“Nothing tastes as good as skinny feels.”

This common pro-anorexia slogan was printed inside Jonathon Adler planners and calendars for sale at the Stag Spirit Shop.

Vice President of Student Affairs Jim Fitzpatrick was unaware of the quote on the shelves – and it was not easy to locate because it was printed on the inside of the planner under the January tab. It was not boldly displayed on the cover, but was the quote for the month of January 2013.

The quote originated from model Kate Moss and is commonly associated with pro-anorexia sites and organizations. Moss came under much heat for promoting the slogan because she is such a familiar face in the fashion industry and is a role model to young girls across the country.


Phyllis L. Weihs, M.S., a counselor in the Fairfield University Psychological Services, believes that eating disorders are no joking matter. Weihs explained: “According to the DSM IV, Eating disorders are characterized by two specific diagnoses. Anorexia Nervosa, is the refusal of an individual to maintain a normal body weight, is intensely afraid of gaining weight and exhibits a significant disturbance in the perception of his or her body and in females the absence of at least three consecutive menstrual cycles.”

Weihs continued to explain the second most common diagnosis, “Bulimia Nervosa, is characterized by repeated episodes of binge eating followed by inappropriate compensatory behaviors such as self induced vomiting; misuse of laxatives, diuretics or other medications; fasting or excessive exercise.”

The quote printed on the planners and calendars in the bookstore promotes being thin as a superior body type and Weihs explained that, “Eating Disorders are usually more prevalent in highly industrialized societies, in which there is an abundance of food and in which, for females, being considered attractive is linked to being thin.”


Senior Julie Labbadia was the first person to discover the planner in the on-campus bookstore. Labbadia made a trip to the bookstore on a day in late August looking for a planner and was surprised by what she saw.

“I was flipping through the planners and I saw it and just thought it was wrong. I feel that the bookstore selling something like that is promoting eating disorders like they’re OK. I personally would rather eat food that tastes good than be stick thin,” said Labbadia.

Labbadia posted a photo of the quote to her Facebook and received 32 “likes” and 15 comments, mostly from Fairfield University students.

Senior Samantha Goodnow found out about the planner through Labbadia’s Facebook post. Goodnow said: “I have seen that exact quote online on Pinterest and other places for weight loss motivation, but I personally think the quote goes beyond supporting a healthy lifestyle. There is a difference between losing weight the healthy way and starving yourself, and I think the quote printed in the agenda isn’t a positive form of motivation.”

Senior Dan Bruno offered the male perspective. “When I first saw the planner, I was surprised,” he said. “No wonder college students have issues.”

However, the Fairfield University bookstore was unaware that they were even selling such content until Tuesday afternoon. Fitzpatrick said that he thinks the quotation is “extremely offensive to someone who either is dealing with an eating disorder or has a friend or a family member that is dealing with an eating disorder and it is not something that I take lightly.”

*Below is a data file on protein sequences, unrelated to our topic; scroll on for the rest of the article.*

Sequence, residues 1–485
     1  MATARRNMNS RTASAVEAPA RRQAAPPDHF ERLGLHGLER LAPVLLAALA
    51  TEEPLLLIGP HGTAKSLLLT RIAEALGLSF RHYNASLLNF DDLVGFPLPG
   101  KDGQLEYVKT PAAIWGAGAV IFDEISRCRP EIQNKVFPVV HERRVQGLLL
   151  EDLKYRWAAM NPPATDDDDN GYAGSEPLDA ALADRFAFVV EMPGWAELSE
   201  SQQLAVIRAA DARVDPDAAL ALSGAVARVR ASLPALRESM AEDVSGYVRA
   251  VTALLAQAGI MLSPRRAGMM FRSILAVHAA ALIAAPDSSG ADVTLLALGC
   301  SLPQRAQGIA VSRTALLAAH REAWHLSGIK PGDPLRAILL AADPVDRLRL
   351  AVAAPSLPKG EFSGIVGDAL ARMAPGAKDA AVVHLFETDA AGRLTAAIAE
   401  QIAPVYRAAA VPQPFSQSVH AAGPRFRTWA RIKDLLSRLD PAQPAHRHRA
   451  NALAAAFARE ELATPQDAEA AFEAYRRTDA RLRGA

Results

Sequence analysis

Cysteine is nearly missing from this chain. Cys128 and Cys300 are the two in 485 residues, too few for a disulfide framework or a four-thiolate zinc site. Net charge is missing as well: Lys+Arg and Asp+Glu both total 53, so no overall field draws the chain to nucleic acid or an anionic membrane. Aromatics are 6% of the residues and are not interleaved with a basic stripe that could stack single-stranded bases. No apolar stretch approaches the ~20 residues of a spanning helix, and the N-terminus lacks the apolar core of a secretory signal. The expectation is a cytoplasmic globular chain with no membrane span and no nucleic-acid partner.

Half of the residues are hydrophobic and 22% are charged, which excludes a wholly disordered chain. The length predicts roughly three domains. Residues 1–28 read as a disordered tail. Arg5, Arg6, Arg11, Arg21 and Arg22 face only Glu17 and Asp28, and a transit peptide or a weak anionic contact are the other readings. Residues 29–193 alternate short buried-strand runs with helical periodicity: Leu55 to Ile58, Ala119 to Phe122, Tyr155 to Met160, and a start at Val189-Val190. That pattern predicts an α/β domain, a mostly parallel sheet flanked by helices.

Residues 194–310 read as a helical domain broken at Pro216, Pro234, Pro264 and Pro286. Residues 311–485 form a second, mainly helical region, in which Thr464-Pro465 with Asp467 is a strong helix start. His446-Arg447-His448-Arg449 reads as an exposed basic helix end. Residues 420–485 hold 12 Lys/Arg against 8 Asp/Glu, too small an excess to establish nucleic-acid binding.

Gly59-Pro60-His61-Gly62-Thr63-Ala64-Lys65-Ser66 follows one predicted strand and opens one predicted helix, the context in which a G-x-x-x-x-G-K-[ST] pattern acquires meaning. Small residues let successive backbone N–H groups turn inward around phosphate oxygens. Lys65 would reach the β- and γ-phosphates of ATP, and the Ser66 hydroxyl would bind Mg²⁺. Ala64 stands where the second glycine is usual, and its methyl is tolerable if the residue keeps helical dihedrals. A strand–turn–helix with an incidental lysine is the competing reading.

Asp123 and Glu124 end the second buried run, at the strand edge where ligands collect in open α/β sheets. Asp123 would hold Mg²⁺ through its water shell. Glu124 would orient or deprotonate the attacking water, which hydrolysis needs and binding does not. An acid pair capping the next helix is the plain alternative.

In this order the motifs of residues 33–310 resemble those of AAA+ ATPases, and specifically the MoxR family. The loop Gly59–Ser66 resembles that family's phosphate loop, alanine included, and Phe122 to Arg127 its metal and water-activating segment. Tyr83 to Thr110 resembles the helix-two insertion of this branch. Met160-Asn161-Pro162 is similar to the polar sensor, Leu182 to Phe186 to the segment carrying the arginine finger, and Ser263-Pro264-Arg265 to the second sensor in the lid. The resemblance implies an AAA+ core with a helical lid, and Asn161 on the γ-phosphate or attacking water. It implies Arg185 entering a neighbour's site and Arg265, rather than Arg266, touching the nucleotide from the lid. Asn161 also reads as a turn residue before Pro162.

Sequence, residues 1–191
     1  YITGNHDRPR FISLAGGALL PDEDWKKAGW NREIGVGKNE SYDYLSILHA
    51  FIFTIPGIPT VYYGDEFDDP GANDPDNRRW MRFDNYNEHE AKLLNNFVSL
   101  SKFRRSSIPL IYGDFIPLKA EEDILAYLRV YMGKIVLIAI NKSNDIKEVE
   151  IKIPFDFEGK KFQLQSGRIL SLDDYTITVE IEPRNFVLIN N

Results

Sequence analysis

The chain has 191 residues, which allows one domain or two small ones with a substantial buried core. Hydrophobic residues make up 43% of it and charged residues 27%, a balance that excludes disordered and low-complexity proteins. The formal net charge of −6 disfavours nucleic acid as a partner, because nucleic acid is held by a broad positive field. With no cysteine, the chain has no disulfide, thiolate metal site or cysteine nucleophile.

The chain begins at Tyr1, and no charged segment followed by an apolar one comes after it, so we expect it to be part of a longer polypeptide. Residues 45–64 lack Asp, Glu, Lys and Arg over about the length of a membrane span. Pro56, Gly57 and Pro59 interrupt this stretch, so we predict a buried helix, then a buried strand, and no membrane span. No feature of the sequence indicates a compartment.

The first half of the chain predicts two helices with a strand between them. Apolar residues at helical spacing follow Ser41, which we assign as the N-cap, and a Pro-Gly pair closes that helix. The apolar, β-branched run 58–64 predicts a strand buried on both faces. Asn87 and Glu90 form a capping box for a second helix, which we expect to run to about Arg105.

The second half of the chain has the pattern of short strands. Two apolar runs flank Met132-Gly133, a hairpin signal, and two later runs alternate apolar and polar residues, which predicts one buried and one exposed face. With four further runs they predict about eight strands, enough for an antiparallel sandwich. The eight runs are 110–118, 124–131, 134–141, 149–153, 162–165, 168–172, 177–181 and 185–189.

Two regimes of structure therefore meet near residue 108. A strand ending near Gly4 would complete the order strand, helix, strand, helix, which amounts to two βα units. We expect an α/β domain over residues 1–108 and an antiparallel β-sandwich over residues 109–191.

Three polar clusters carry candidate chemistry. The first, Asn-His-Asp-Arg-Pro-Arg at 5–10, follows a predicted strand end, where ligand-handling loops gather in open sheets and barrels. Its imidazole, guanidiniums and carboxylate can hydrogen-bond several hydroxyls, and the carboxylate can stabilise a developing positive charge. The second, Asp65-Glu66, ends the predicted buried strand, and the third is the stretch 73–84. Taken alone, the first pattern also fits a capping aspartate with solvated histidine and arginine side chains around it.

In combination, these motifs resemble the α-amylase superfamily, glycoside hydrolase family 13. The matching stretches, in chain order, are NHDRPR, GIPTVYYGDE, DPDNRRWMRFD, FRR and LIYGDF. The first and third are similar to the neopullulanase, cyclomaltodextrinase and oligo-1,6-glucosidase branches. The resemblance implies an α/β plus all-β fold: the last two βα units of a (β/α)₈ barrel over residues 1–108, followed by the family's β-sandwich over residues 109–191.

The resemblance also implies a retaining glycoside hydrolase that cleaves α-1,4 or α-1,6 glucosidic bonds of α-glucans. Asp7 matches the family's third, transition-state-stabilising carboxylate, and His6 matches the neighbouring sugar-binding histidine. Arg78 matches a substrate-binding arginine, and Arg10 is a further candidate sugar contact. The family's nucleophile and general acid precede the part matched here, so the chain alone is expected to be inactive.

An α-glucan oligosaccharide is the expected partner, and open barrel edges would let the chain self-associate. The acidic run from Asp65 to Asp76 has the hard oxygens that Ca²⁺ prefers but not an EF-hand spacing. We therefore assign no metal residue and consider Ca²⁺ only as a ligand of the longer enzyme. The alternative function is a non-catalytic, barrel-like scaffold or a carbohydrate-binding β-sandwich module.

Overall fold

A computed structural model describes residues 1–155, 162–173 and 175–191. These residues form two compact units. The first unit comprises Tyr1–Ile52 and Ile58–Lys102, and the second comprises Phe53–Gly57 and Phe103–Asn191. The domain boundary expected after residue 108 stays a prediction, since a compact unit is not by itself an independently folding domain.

As soon as Fitzpatrick got wind of the situation, he immediately went to the on-campus bookstore and walked through with two managers and could not find any of the content. He then drove to the downtown bookstore and he again had no luck finding any of the offensive material.

Once Fitzpatrick was approached by The Mirror and shown the planners and calendars that were still being sold in the bookstore, he was shocked and went directly to the bookstore to remove any remaining planners and calendars.

Fitzpatrick is planning on approaching the Follett Corporation, the distributor of the planner, so that they are made aware of the content being sold. Over 900 schools use Follett as a provider, so the discontent from Fairfield University could have a huge impact on schools around the country.

“In all my years of working with Follett, I’m pretty sure this is the first time that something like this has come up … one of the beauties of the University is that you are constantly learning and I learned something this week in terms of a certain
quote,” Fitzpatrick said.

Eating disorders are extremely prevalent among college students and the statistics only back this up. It is said that eating disorders have the highest mortality rate of any mental illness.

According to the South Carolina Department of Mental Health, “a study by the National Association of Anorexia Nervosa and Associated Disorders reported that 5 – 10% of anorexics die within 10 years after contracting the disease; 18-20% of anorexics will be dead after 20 years and only 30 – 40% ever fully recover.”

Fairfield University offers a lot of support when it comes to eating disorders.

Weihs stated that there is an Eating Disorders Treatment Team “consisting of medical staff from the Health Center and clinicians from Counseling & Psychological Services.”

Fitzpatrick supports the mission of the Counseling Center whole-heartedly. “If it offends anyone at this school, it offends us, and we’ll remove it.”

It is encouraged that students who need help with disordered eating issues contact Fairfield University Counseling and Psychological Services at (203) 254-4000 ext. 2146 or by email at counseling@fairfield.edu.

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